A shocking fact came when it was revealed in Parliament that the country faced a shortage of more than 3, 00,000 teachers in higher learning institutions, especially in engineering colleges which alone have the shortage of more than 1,50,000 teachers.
What is more shocking is the fact that the percentage of shortage has increased from 40% to 54% in recent years. The Union Ministry of Human Resource Development has now ordered 15 Indian Institutes of Technology (IITs) to appoint non-resident Indians (NRIs) and people of Indian origin (PIOs) as permanent faculty to cope up with the shortage. However, foreign nationals are not allowed permanent appointment.
Experts call this solution to be inadequate. Around 50% of the teaching posts are lying vacant in country’s top most engineering institutes and the situation is even worse in self-financing colleges.
An assessment was made recently by All India Council of Technical Education (AICTE) regarding the obligations laid by AICTE. It was revealed that hardly one-fifth of the engineering colleges in the state met the obligations set by AICTE.
The AICTE currently stipulates a 1:14 teacher-student ratio in engineering colleges. The ratio itself is very high as the standard international teacher-student ratio is 1:10. Efforts are on to bring the ratio down to 1:12.
The reasons of the shortage in faculty could be many. Prestigious institutions like NITs and IITs started facing shortage in faculty when the seats in other backward classes (OBCs) increased to 27% from 2008 to 2010.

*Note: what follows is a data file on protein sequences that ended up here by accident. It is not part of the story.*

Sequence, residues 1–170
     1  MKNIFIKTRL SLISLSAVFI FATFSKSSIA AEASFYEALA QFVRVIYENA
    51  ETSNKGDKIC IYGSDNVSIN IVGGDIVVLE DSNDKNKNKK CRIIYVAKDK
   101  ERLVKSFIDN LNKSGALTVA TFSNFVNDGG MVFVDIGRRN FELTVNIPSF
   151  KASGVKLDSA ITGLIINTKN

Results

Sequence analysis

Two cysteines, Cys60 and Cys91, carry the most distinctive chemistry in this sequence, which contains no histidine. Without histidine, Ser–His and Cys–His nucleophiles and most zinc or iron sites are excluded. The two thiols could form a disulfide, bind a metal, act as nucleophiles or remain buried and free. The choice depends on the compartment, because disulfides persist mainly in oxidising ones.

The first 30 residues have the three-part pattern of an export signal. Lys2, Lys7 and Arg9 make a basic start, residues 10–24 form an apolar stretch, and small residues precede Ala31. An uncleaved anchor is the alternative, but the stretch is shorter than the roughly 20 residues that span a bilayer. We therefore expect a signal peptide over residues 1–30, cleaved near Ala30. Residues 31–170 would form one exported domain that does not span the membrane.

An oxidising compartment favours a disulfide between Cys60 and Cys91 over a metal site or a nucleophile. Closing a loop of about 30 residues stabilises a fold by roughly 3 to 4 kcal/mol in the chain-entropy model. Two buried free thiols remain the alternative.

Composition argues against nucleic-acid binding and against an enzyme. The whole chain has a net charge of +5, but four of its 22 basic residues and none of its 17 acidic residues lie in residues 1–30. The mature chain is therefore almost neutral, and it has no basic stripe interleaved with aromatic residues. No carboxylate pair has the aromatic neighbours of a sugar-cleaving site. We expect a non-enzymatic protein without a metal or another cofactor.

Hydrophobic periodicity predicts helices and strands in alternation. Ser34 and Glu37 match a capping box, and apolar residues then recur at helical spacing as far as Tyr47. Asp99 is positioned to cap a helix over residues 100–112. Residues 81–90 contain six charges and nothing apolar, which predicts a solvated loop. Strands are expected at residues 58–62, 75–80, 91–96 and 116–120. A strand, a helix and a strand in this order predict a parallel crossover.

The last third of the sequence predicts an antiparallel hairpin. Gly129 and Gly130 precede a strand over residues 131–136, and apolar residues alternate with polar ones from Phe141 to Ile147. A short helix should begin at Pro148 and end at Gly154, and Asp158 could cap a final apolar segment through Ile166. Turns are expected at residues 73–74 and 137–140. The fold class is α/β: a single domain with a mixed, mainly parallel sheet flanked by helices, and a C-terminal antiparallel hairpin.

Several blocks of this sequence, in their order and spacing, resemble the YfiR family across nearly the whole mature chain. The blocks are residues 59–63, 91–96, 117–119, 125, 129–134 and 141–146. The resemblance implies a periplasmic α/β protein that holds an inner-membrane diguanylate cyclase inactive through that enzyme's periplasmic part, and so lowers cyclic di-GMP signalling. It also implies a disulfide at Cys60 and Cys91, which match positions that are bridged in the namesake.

The reason of shortage can also be the lack of recruitment of supporting or non-teaching staff. The ratio of teaching and supporting staff is 1:1.1 in Central engineering institutions. When the student intake doubled in recent years with the increase in seats and courses, not a single appointment was made in supporting staff in the past nine years in NIT, Calicut. Due to this, the faculty have to spend time doing clerical work leading to the dilution in academic activities. This makes students suffer a lot.
Unattractive pay can also be one other reason for lack of shortage in faculty. Though AICTE has set a stipulation for this but not all private engineering colleges follow it.
The shortage of faculty affects the students in many ways. Less number of teachers makes students work on a single project leading to a lack of attention from teachers. This further leads to diminishing of quality. Also, the choices before the students for their elective subjects reduce.
Ashalatha Thampuran, Principal of Mohandas Institute of Engineering and Technology, Nedumangad, says, “The faculty shortage was felt more in the middle-level cadre”. The AICTE stipulates a faculty cadre ratio at 1:2:4 for professors, associate professors and assistant professors.
Although the AICTE has made M.Tech degree compulsory for faculty, most private colleges do not fulfill AICTE’s this stipulation. Of the121 engineering colleges in Kerala, hardly one-fourth offer M.tech. programmes. After the AICTE’s this new stipulation an appeal by Union Human Resource Minister, Kapil Sibal, many institutions came forward to start postgraduate programmes. But many colleges were denied permission to do so by state’s universities.
When private engineering colleges are worried of AICTE’s stipulations including the faculty strength, prestigious institutions like IITs and NITs are worried about the dwindling quality of their research.
The lack of faculty at the higher level academics, leads to lack of quality at doctoral and post doctoral research. This deprives India of any single technical institution of international repute. Dr. Paleri, who had worked at Purdue University, U.S, says, “We have IITs. But they are known only for churning out the best undergraduates. Good institutions worldwide are measured in terms of research- in terms of the number of Nobel laureates they create and patents they win.”
Though the country’s education managers talk volumes about managing the quality, very little is done in that regard.